Via a kind reader in CA, this word that the effort to cap the prison pops there is moving forward despite opposition from the traditional forces.
Two federal judges tasked with overseeing California's troubled prison system have decided to create a three-judge judicial panel charged with setting a population cap for California's prison system.
The decision, by U.S. District Court Judges Thelton Henderson and Lawrence Karlton, is to create a three-judge panel empowered to force the early release of thousands of prisoners from the California system.
Lawyers for state prisoners have appealed successfully to the judges that inmate overcrowding is contributing to constitutional violations of inadequate medical and mental health care in the state's prisons.
"There is no dispute that prisons in California are seriously and dangerously overcrowded," wrote Karlton in his decision, released Monday.
The three-judge courts were created as a component of the Prison Litigation Reform Act signed in 1996 that was designed to restrict the power of a single federal judge to order early inmate releases from jails and prisons.
Once empaneled, the three-judge courts can order early inmate releases only if there had been an earlier finding of a constitutional violation, if the defendants failed to fix it in a reasonable amount of time and if they found that overcrowding is the main cause of the problem.
Before they order the early releases, three-judge courts must first hold hearings in which interveners that include legislators, prosecutors and county jailers are allowed to file briefings and testify. Republicans in the California Assembly have said they plan to intervene if a three-judge court is empaneled.
The legislative reaction? First from the major legislative leader on the issue there, Senator Romero, and then from the main opponent, at least who gets quoted.
State Sen. Gloria Romero (D-Los Angeles) hailed the ruling as "profound" and "the right decision." She said the Legislature and executive branch in California have "largely abdicated their responsibilities" to operate effective, humane prisons.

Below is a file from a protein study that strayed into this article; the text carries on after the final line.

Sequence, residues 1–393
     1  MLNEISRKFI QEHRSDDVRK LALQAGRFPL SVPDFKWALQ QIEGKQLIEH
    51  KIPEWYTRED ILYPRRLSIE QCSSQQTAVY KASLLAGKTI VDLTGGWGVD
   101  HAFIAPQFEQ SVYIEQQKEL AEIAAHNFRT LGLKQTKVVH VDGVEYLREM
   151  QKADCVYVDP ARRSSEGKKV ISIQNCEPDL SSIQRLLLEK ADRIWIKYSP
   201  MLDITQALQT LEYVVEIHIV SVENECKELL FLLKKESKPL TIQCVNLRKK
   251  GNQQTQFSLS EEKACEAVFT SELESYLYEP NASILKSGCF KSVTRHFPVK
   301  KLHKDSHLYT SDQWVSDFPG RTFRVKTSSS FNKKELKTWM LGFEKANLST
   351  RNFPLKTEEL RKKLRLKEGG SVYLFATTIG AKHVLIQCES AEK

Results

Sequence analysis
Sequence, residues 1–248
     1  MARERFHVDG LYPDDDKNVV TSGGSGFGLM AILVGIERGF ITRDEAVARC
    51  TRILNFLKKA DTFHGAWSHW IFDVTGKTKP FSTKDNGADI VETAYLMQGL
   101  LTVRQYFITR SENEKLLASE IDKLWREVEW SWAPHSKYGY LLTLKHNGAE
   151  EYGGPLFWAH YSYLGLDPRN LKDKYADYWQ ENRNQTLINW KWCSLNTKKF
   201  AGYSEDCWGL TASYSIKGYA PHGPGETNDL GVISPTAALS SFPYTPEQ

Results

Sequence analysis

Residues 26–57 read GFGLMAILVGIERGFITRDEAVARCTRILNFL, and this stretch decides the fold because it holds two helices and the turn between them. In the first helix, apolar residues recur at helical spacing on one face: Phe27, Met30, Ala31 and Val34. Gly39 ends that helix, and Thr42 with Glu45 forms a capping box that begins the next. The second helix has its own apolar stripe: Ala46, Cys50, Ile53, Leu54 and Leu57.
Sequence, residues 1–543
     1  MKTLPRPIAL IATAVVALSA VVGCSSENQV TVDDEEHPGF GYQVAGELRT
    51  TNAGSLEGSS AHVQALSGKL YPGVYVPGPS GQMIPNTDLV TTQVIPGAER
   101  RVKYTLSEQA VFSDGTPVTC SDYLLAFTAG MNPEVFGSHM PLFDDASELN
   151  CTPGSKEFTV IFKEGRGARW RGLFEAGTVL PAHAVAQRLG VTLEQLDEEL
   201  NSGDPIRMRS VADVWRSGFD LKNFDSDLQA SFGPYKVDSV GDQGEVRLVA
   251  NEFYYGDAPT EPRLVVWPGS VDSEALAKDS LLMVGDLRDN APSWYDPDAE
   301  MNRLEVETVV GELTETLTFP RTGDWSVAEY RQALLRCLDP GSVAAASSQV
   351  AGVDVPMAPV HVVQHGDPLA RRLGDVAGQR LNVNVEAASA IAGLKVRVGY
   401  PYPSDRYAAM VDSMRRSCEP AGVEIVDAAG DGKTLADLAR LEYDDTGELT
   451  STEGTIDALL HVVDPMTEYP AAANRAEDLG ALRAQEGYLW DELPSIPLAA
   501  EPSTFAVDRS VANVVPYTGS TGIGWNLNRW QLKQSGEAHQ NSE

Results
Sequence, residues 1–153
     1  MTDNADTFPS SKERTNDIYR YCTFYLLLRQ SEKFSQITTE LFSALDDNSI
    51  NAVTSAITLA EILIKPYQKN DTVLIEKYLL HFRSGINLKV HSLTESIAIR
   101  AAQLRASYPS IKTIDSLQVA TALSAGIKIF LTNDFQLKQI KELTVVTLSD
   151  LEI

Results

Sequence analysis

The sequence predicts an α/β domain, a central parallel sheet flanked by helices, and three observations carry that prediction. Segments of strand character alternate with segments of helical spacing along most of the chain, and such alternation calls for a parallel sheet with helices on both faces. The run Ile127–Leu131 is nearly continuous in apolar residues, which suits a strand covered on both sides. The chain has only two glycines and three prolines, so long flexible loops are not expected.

She urged Schwarzenegger to sign her pending legislation, SB 110, which would create a sentencing commission to simplify and organize California's 1,000 felony sentences and 100 felony sentence enhancements, which were largely passed piecemeal by the Legislature.
Romero also urged prison officials to begin figuring out which inmates might be suited to getting out of prison before finishing their sentences.
"To some extent we do early release already — it's called parole," she said. "We have to take out our risk assessment measurements and figure out who might be eligible for release, because we're going to have to have that ready when the judges convene that panel."
Assemblyman Todd Spitzer (R-Orange) called early release "not an option because it will jeopardize public safety" and said Assembly Republicans would try to intervene legally so that they can address the three-judge panel when it takes testimony to weigh a prison cap.
He expressed disappointment that Karlton and Henderson dismissed this year's prison bond package, known as AB 900, as insufficient.
As I've said before, CA's situation is the classic social Gordian Knot that can only be resolved by a swift and sharp sword. Hasn't hit the knot yet, but at least it's out of the scabbard. We'll keep watching to see if it really gets cut.